Although collecting, storing, and recycling solid waste can represent up to 50 percent of a municipality’s annual budget, many local governments don’t collect enough revenue from waste management services to cover these costs.

As a result, landscapes and public spaces in Nepal’s urban centers are deteriorating. Less than half of the 700,000 tons of waste generated in Nepal’s cities each year is collected. Most waste is dumped without any regulation or oversight and several municipalities do not have a designated disposal site, leading to haphazard disposal of waste—often next to a river—further aggrevating the problem.

With urbanization rising, the costs of inaction are piling up and compromising people’s health and the environment. In most cases, the poor suffer the most from the resulting negative economic, environmental, and human health impacts.

Insuring India: States learn about health insurance from each other

Owen Smith's picture

India faces many challenges on the road to Universal Health Coverage (UHC).  Almost two-thirds of total health spending is paid out-of-pocket by households, placing India among the top 10 countries in the world in this regard.  Recent global estimates that aim to measure country progress towards UHC also highlight India’s gaps in terms of service coverage. 



So how does a country achieve UHC? One possible answer might be to discuss broad health system paradigms, but quite another would be to talk about the nuts and bolts of implementing a specific program.  While the choice between paradigms is made, at most, once in a decade, figuring out how to implement a program happens every day.  For this, practitioner-to-practitioner learning is one of the best ways to help implementers make real progress on the road to UHC. 

Rebuilding houses and livelihoods in post-earthquake Nepal

Mio Takada's picture
When the 2015 earthquake hit Nepal, Fulmati Mijar lost her home and livelihood. Now, she has turned her life around, learned carpentry and quake-resistant techniques, and started a business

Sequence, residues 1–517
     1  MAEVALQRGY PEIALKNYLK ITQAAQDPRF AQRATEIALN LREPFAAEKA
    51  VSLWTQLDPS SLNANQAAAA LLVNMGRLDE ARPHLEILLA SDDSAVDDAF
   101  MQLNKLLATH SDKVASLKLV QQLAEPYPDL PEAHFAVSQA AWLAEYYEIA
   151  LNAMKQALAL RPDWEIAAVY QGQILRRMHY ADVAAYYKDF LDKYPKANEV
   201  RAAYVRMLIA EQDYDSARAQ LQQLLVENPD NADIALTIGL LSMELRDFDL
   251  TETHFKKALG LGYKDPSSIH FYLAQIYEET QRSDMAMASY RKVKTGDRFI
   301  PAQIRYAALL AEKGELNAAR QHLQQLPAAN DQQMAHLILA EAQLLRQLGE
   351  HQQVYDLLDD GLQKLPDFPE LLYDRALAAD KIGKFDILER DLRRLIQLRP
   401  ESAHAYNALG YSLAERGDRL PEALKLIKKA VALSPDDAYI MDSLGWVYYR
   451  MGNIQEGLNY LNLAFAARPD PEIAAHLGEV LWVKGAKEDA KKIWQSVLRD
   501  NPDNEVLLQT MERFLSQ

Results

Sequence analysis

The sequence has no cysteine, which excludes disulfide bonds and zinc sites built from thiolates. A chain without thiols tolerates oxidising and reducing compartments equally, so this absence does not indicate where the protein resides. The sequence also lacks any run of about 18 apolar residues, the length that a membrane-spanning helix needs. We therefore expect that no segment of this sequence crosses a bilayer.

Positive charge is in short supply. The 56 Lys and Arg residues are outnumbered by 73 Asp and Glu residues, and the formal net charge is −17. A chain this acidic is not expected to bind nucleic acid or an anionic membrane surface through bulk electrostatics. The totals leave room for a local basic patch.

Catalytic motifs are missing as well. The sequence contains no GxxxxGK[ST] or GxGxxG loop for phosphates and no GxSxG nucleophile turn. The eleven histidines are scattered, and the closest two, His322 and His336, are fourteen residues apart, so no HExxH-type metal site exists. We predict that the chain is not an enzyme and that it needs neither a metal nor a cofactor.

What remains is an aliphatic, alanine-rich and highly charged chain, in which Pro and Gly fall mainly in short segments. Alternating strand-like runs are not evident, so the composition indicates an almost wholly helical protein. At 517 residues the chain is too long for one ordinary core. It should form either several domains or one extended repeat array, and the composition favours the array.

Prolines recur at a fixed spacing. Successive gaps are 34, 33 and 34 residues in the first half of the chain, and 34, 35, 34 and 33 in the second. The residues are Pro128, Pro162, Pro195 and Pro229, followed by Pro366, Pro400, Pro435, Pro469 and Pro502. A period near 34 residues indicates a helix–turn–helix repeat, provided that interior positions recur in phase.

When the 2015 earthquake hit Nepal, Fulmati Mijar lost her home and livelihood. Now, she has turned her life around, learned carpentry and quake-resistant techniques, and started a business. Credit: World Bank.

 
Fulmati Mijar, a mother of three living in Nuwakot district in Nepal, used to earn her living from daily wage labor along with her husband.
 
On April 25, 2015, their lives took a turn for the worse when a magnitude 7.8 earthquake struck Nepal, killing 8,790 people and affecting 8 million more—or nearly a third of the country’s population.
 
The catastrophe destroyed Fulmati’s house and made her family more vulnerable.
 
Yet, it did not dent her resolve.
 
When housing reconstruction started through the Earthquake Housing Reconstruction Project (EHRP), Fulmari joined her village’s Community Organization (CO), supported by the Poverty Alleviation Fund (PAF) and learned carpentry and earthquake-resistant techniques for housing reconstruction.
 
She initially received a NPR18,000 ($176) loan to invest in a small furniture enterprise. With the funds, her family started making windows, doors, and kitchen racks, which were in high demand. After repaying the loan, she received another loan to upgrade their furniture enterprise, where today she and her family make their living.
 
At the time of the 2015 earthquake, full recovery was estimated to cost $8.2 billion, with the housing recovery component amounting to $3.8 billion. The World Bank immediately pledged $500 million to support the emergency response. During the reconstruction phase, the most urgent—and largest—need was to rebuild nearly 750,000 houses.
 
More than two years since the earthquake, restoring lost or affected livelihoods has become more important.

What does risk management have to do with Sri Lankan families?

Ralph van Doorn's picture
While the number of Sri Lankans living under the poverty line has decreased tremendously, many still live right above it and can fall back into extreme poverty if they experience a shock such as a natural disaster. Photo Credit: Lakshman Nadaraja 


Imagine there is a small fire in your house: someone forgot to put out a cigarette stub and accidentally set your rubbish bin on fire. You will need just one bucket of water to put it out.
 
But up the ante, and it is no longer possible for an individual to handle it. For instance, if your entire house was on fire, you would need to call your local fire station for help.
 
Now, go up one more level. You live in a thickly wooded part of a district like Badulla, and a forest fire covering hundreds of acres is threatening homes and businesses—then it would take the resources of the country, and maybe even aid and support from international allies, to battle the fire and help people recover.
 
I am telling you this story to illustrate how there are levels of risks—and responses—to consider when discussing a subject like integrated risk management.
 
As part of our work on the recently released Sri Lanka Development Update (SLDU) we considered the risks and opportunities facing Sri Lanka, beginning from the smallest unit of the household and building up to the country, as represented by the public sector.
 
There’s been a lot of talk about the macro-economy and national level reforms and policy initiatives. However, in this blog I wanted to focus on your families. What does integrated risk management mean for households?
 
The poorest Sri Lankan families are vulnerable to shocks

Bangladesh is thinking big by thinking blue

Pawan Patil's picture